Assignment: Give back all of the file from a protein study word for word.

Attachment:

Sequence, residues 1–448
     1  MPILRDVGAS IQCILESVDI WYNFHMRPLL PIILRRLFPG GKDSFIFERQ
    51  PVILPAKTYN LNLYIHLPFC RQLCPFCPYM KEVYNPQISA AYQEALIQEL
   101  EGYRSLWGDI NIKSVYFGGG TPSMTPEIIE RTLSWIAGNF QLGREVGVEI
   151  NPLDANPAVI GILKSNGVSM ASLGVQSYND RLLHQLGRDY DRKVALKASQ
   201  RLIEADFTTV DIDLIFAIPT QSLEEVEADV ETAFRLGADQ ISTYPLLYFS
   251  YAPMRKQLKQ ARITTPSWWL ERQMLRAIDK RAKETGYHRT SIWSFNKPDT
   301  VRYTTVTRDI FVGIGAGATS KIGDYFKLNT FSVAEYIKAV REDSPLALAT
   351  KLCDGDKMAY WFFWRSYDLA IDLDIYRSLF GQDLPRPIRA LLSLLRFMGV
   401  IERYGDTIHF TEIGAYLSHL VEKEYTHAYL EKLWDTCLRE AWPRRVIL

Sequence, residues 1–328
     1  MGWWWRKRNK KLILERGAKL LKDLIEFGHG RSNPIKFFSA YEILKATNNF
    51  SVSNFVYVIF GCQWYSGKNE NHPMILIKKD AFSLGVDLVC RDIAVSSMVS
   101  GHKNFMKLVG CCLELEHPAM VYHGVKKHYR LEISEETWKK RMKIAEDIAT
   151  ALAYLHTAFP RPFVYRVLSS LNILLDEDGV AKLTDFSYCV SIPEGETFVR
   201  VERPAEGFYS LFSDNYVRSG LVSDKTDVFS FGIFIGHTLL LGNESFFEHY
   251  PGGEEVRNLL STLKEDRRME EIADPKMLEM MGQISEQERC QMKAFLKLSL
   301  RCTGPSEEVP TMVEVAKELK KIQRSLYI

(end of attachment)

Sequence, residues 1–448
     1  MPILRDVGAS IQCILESVDI WYNFHMRPLL PIILRRLFPG GKDSFIFERQ
    51  PVILPAKTYN LNLYIHLPFC RQLCPFCPYM KEVYNPQISA AYQEALIQEL
   101  EGYRSLWGDI NIKSVYFGGG TPSMTPEIIE RTLSWIAGNF QLGREVGVEI
   151  NPLDANPAVI GILKSNGVSM ASLGVQSYND RLLHQLGRDY DRKVALKASQ
   201  RLIEADFTTV DIDLIFAIPT QSLEEVEADV ETAFRLGADQ ISTYPLLYFS
   251  YAPMRKQLKQ ARITTPSWWL ERQMLRAIDK RAKETGYHRT SIWSFNKPDT
   301  VRYTTVTRDI FVGIGAGATS KIGDYFKLNT FSVAEYIKAV REDSPLALAT
   351  KLCDGDKMAY WFFWRSYDLA IDLDIYRSLF GQDLPRPIRA LLSLLRFMGV
   401  IERYGDTIHF TEIGAYLSHL VEKEYTHAYL EKLWDTCLRE AWPRRVIL

Sequence, residues 1–328
     1  MGWWWRKRNK KLILERGAKL LKDLIEFGHG RSNPIKFFSA YEILKATNNF
    51  SVSNFVYVIF GCQWYSGKNE NHPMILIKKD AFSLGVDLVC RDIAVSSMVS
   101  GHKNFMKLVG CCLELEHPAM VYHGVKKHYR LEISEETWKK RMKIAEDIAT
   151  ALAYLHTAFP RPFVYRVLSS LNILLDEDGV AKLTDFSYCV SIPEGETFVR
   201  VERPAEGFYS LFSDNYVRSG LVSDKTDVFS FGIFIGHTLL LGNESFFEHY
   251  PGGEEVRNLL STLKEDRRME EIADPKMLEM MGQISEQERC QMKAFLKLSL
   301  RCTGPSEEVP TMVEVAKELK KIQRSLYI